Last Updated on September 5, 2017 by Jeff
Running is one of the worlds most popular forms of exercise, and it’s easy to see why. It requires no special equipment, it can help you get in shape quickly and it’s a great way to get outdoors.
Human beings evolved to run and survive by traveling long distances on foot, but recent science is proving that running is actually physically addictive. Fortunately, there are many ways to get your running fix.
By far the most popular type of running is recreational jogging. Roughly 20% of the population of the United States, or 1 in 5 people, jog recreationally for fun and exercise. Without the pressure of competition, this can be a great low-stress high reward way to get into a running hobby. In many ways, recreational jogging is the “gateway drug” to a serious running habit, as most people start out here.
After recreational jogging, competition road running is the second most popular type of running. The added competitive element appeals to some, while others just enjoy the camaraderie of a sport that can take place with friends on any urban block.
Whether you’re training for a full marathon, or a community fun run 5K, road running has it’s own challenges. Running on an inflexible surface, such as a paved road, transmits a lot of impact into the body and can result in a whole host of issues. Be careful to increase your mileage slowly to avoid over stressing joints.
In most places in the US, it’s easy to find a smooth paved road, making this sport accessible, but the predictability of a smooth surface and urban scenery doesn’t appeal to everyone. If you’re easily bored, this might not be the best running style for you.
Cross Country Running & Trail Running
Unlike road running, cross country running for those whole crave novelty and change in their surroundings. Courses take you over continuously changing terrain including hills, grass, woodlands and in some cases even some small streams and waterways. Even the distance varies from race to race, with cross country courses ranging between 2 and 8 miles long on average, and trail runs can be just about any distance you choose.
The goal of the course design is to provide varied challenges to your muscles. Pete Magill, a four-time national cross country champion notes that “A well-planned cross country course will do everything possible to disrupt your stride, your pace, and your focus.”
Variable surfaces are a challenge to leg stabilizing muscles which are generally under worked as we move about flat surfaces on sidewalks and in our living rooms. Cross country also helps you up your mental running game, as your brain is constantly adjusting your stride to the terrain.
Trail running shoes, in particular, are designed differently than standard road running shoes. They have rigid soles to protect feet from injuries on uneven surfaces and small stones, and they offer less cushioning than road running shoes because they’re relying on the softer dirt or grass covered trail surfaces to absorb impact.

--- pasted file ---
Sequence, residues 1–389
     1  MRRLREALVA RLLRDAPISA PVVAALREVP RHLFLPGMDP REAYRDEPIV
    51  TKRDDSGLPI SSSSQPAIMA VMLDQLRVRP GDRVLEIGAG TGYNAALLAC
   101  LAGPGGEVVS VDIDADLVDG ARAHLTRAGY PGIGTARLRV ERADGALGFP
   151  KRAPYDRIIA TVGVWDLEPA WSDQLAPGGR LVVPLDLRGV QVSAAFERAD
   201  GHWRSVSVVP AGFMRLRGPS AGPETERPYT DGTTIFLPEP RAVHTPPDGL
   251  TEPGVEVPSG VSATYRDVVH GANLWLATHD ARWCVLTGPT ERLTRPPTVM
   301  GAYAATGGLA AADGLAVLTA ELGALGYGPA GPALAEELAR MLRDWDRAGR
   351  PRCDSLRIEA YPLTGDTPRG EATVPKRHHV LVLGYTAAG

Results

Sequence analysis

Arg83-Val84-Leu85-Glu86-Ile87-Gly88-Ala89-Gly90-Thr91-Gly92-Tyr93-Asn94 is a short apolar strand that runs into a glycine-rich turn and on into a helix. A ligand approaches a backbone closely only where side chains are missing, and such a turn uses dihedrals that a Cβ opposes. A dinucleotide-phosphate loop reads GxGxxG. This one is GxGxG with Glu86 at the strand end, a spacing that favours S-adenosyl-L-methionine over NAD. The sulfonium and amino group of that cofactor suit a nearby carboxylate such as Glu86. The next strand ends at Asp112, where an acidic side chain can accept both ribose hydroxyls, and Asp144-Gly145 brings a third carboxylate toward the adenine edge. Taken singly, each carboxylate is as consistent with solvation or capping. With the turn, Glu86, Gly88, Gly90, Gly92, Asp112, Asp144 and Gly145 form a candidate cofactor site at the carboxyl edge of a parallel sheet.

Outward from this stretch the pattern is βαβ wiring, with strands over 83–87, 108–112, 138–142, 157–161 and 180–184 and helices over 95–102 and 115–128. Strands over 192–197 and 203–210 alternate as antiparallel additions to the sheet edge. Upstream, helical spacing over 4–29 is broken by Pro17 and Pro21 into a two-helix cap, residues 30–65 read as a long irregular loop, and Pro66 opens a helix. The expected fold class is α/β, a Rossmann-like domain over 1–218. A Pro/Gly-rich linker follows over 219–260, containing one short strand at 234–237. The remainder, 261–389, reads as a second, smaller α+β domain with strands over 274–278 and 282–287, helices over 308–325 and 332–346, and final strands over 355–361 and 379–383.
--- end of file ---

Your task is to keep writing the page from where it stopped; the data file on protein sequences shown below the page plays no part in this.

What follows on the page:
Ultralight Backpacking & Adventure Running
Taking trail running to the extreme, ultralight backpacking and adventure running involves long distance runs often with extreme elevation gain. Ultralight backpackers are like hikers carrying everything they’ll need to survive in the wilderness, but use specialized ultralight equipment to keep moving as fast as possible.
Adventure running events are generally done without packs, but still happen over very long distances, and may take 24 to 30 hours of running time up and over mountains before a course is completed. Challenges may include extreme conditions with very high or low temperatures depending on the location, as well as low oxygen at high elevation, snow or ice scrabbling and even river crossing. One particularly famous course in Colorado is 100 miles long and includes 34,000 feet of ascent.
Physically, adventure running requires much more from an athlete than the average casual runner is prepared for and may require months or years of special training in preparation. Still, if you enjoy time in nature and the idea of mastering your environment and physically overcoming its challenges appeals to you, then adventure running might be a good fit.
If you’re not all that committed to running in particular and want to stay more rounded in your training, triathlons are a good way to keep running in the mix while training in other areas. For triathletes, running is the third portion of the event, after both swimming and biking. That means that every time you run, you’ll be competing tired, regardless of the total length of the course. Races vary in length from beginner “sprint” distance races with a roughly half mile swim, 12-mile bike ride and 3-mile run to the iron man triathlon with a nearly 4-mile swim, 112-mile bike and 26-mile run.
Tower running is a very particular form of running competition that evolved in dense urban environments with access to high rise staircases. In tower running, competitors scale the internal staircases of high rises during specialized timed events. They’re usually held in famous high rises, such as the Empire State Building or similar structures around the world. Clearly, there’s no limit to how far people will go to get their competitive fix and satisfy their running addiction, even in the most crowded urban environment.